By Emory Bryan, The News On 6
TULSA, OK -- The Tulsa City Council turned down a budget transfer that leaves the Mayor's office without money to make payroll for the month of June.
City budget writers asked the city council for a $120,000 transfer. The council said 'no.'
Officials say they are not sure what they'll do next and are waiting on word from Mayor Dewey Bartlett.
The council routinely approves transfers of money between departments, to take out savings or add money as needed, but at the end of a budget year when the city laid off employees,
"This is a big decision, it's not a routine decision," said Councilor Jack Henderson said. "This is a decision that can determine whether anyone of us comes back to these seats or not."
The city council's action leaves the mayor with employees on the payroll and not enough money to pay them. Several city councilors noted the mayor could, as has been done in the past, move his allotment of employees into other departments for payroll purposes.
"As long as it's within the charter and a legal thing to do, if there's money in that department,go for it," Councilor Bill Christiansen said."
But Bill Christiansen and other councilors said they were being told by their constituents to deny Bartlett any extra funding to run his office.
The mayor's office budget is $1.1 million, while the council budget is $1.3 million.
No councilors voiced support for the transfer, but several seemed more certain after Sara Eaton spoke from the audience encouraging them to turn it down.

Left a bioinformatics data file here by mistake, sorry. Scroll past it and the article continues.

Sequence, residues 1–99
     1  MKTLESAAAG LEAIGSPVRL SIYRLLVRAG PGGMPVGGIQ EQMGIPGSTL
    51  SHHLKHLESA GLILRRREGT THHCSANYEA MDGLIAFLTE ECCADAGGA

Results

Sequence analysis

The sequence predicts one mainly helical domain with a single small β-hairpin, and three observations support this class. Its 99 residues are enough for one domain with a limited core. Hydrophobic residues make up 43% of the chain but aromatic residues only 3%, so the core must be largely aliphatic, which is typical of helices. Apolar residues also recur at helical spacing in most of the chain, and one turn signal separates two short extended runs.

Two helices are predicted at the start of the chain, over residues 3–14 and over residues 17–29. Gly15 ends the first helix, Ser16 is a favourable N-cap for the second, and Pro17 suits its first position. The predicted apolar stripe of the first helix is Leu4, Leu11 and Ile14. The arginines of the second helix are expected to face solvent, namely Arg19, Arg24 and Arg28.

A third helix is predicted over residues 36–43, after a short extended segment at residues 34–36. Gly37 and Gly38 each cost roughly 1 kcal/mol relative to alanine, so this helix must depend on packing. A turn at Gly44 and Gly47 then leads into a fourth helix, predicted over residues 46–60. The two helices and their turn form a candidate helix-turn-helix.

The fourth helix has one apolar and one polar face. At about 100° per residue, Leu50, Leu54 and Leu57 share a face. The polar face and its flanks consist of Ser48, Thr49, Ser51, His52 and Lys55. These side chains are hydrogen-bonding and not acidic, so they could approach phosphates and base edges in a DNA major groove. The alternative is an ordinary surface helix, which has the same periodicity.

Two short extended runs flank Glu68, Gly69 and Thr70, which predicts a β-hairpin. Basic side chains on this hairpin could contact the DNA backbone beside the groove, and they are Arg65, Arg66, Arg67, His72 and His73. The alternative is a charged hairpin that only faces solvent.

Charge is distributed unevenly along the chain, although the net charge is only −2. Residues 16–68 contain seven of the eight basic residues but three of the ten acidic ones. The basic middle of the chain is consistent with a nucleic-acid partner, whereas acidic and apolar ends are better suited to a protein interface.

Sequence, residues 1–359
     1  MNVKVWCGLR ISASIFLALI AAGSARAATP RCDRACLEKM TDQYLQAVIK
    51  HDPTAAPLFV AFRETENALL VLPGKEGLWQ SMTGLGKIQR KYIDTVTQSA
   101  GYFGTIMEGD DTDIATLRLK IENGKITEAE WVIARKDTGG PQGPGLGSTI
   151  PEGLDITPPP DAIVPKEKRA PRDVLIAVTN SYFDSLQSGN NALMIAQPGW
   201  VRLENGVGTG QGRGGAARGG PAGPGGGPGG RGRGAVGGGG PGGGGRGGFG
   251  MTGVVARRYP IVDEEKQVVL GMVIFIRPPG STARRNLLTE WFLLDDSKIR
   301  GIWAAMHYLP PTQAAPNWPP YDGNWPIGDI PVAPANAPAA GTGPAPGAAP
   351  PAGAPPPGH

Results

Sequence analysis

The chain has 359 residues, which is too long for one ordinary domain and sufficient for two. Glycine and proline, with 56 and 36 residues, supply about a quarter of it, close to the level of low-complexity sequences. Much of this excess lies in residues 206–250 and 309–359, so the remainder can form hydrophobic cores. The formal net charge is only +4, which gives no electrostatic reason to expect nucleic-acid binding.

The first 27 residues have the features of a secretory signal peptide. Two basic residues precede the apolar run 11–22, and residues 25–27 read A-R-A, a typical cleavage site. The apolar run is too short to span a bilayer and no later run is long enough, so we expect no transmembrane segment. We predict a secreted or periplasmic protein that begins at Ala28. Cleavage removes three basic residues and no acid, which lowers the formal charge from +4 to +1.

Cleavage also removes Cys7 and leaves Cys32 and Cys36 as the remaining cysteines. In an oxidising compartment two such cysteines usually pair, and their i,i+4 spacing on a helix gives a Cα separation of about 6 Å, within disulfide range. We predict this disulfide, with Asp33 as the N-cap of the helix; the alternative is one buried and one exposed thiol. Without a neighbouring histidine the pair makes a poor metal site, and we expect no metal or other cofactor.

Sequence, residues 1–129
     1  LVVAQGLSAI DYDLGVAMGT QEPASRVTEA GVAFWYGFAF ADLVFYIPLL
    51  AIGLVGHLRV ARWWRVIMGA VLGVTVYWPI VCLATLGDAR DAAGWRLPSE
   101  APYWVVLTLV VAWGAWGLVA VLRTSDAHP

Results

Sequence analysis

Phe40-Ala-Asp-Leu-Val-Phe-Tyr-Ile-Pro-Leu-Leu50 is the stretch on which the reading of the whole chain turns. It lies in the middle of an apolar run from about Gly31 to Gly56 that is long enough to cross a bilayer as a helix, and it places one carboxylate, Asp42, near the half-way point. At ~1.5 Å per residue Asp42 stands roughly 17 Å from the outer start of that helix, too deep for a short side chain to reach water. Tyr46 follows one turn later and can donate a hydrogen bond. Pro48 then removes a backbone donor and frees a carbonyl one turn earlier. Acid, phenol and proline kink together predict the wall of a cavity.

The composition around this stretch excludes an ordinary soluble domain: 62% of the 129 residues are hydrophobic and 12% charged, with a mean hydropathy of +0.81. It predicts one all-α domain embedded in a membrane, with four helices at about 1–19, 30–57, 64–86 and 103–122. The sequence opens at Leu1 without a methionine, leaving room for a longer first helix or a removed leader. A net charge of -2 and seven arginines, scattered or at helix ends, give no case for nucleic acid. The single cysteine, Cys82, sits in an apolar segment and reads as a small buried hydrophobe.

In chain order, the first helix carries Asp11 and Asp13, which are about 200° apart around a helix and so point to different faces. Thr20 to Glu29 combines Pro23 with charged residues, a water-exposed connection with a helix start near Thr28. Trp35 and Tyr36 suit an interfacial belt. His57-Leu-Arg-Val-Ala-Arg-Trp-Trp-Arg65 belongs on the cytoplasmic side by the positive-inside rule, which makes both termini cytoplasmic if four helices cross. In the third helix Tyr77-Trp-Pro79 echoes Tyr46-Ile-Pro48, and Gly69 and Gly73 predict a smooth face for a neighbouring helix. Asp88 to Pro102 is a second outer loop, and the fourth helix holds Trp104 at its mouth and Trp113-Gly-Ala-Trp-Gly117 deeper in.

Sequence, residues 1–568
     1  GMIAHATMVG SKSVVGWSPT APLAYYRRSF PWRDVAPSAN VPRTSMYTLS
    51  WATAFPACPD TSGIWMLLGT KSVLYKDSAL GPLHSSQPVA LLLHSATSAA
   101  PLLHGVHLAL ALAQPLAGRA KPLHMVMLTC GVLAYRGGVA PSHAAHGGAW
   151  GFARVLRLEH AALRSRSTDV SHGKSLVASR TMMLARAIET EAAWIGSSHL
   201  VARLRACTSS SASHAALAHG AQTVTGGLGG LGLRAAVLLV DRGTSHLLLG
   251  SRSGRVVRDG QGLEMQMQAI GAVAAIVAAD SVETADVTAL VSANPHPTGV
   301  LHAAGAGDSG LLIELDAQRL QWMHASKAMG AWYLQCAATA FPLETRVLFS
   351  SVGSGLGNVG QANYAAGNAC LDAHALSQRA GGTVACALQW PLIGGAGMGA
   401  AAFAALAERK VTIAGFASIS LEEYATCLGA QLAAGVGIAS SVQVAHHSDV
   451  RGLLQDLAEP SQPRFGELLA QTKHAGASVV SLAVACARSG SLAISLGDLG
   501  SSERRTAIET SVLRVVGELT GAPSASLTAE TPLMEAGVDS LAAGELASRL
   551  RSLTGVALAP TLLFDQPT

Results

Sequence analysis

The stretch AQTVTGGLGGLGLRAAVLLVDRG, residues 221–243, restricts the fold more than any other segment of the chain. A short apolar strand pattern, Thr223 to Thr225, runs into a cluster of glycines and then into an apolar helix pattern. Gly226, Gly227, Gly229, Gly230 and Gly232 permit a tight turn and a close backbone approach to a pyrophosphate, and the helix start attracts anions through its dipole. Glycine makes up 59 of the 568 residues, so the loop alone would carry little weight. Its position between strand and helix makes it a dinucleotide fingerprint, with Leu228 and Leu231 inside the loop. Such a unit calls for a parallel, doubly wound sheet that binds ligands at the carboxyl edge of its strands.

"I have many, many friends who are officers, who are now looking for a job," Eaton, said. "Tough times mean tough decisions and I think that's where this is going and I hope you all say no to this."
The mayor's Council Liaison Clay Bird defended the mayor and the transfer request, arguing the mayor's office had, in the effort to clarify the budget, moved the employees who answer directly to him onto his office payroll, which has not always been the case.
"It's just an opportunity to set the budget right" said Bird. It's not that the cuts weren't taken, the cuts were taken."
Councilor Christiansen, who has become a frequent critic of the Mayor's budgetary policies, said Bartlett should not have subordinates who make more than the Mayor's $105,000 salary.
"I think the mayor has had an opportunity for several months to make adjustments and he's elected not to do that" said Christiansen. "He's the manager of that department and it's up to him. I'm sure he'll have some solution, but if I were him, I'd start with salary cuts, some deep salary cuts."
The mayor and his senior staff took pay cuts similar to those in other departments, and according to city records, he cut payroll in his office by 19 percent, while other departments will end the year with a 10 percent cut.
The budget transfer would have made the mayor's office budget cut approximately the same as the rest of city government.